Electronically stored information (“ESI”) has become the primary focus of document discovery in all types of litigation. Because electronic data can easily be overwritten and purged – whether deliberately or inadvertently – it is critical to act quickly to have relevant ESI preserved. As soon as litigation is anticipated, a preservation letter should be sent to the opposing party to maximize the available information to help you make your case.
Sending a preservation letter can, and often should, occur even before you file your case. Time is of the essence when the opposing party is a company that has or may have a document retention policy involving routine destruction of electronic documents. Prompt action is equally critical in any case that involves continuing usage of pertinent electronic devices, which may occur with both corporate and individual litigants. When prompt action is taken, the opposing party can manage the electronic evidence better and make necessary preparations in response to the request for discovery.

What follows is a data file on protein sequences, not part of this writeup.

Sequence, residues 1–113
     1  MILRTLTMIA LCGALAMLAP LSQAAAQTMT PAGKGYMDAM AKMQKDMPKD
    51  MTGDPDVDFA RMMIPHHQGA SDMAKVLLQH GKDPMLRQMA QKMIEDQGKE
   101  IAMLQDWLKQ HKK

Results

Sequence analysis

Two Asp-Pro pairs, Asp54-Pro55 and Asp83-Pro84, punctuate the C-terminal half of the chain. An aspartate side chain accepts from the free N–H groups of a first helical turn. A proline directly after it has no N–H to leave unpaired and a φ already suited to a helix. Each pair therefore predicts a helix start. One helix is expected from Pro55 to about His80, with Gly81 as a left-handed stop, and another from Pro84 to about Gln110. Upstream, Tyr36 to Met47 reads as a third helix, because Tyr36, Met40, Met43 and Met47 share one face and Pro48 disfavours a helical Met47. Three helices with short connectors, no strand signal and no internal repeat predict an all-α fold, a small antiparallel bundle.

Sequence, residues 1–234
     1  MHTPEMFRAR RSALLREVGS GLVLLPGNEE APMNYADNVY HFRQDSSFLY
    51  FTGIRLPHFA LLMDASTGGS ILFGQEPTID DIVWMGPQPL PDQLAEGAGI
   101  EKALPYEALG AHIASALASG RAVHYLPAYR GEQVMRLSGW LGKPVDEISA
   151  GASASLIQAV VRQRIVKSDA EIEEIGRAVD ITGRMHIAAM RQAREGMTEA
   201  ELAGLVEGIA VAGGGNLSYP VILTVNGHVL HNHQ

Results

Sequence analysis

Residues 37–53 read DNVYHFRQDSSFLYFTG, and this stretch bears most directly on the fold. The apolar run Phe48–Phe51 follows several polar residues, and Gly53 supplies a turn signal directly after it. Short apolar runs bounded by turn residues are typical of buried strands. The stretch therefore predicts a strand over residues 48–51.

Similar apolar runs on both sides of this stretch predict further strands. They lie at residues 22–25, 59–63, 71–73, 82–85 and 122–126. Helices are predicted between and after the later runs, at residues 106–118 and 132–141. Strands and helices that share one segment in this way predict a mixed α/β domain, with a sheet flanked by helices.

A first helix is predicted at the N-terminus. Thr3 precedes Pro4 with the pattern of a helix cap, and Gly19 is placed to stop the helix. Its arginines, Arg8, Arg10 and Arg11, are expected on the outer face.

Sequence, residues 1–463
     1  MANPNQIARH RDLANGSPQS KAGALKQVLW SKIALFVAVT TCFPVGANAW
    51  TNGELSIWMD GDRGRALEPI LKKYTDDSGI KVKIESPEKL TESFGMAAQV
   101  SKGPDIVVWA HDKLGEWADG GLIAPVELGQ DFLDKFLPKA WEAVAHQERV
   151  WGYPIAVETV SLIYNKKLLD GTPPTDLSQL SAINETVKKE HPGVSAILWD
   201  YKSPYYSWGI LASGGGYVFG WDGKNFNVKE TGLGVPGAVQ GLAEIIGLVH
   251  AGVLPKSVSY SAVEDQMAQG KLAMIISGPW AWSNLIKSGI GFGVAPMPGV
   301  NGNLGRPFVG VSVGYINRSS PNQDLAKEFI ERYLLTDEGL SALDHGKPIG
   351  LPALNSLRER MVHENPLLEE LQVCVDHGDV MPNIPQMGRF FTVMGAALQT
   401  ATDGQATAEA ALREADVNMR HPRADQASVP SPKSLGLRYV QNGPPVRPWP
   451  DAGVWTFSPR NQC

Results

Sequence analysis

This article was submitted by Tricia Johnson, QDiscovery. If you would like to submit content or write an article for the E-Discovery, Information Governance & Cybersecurity Section, please email Kara Sikorski at firstname.lastname@example.org.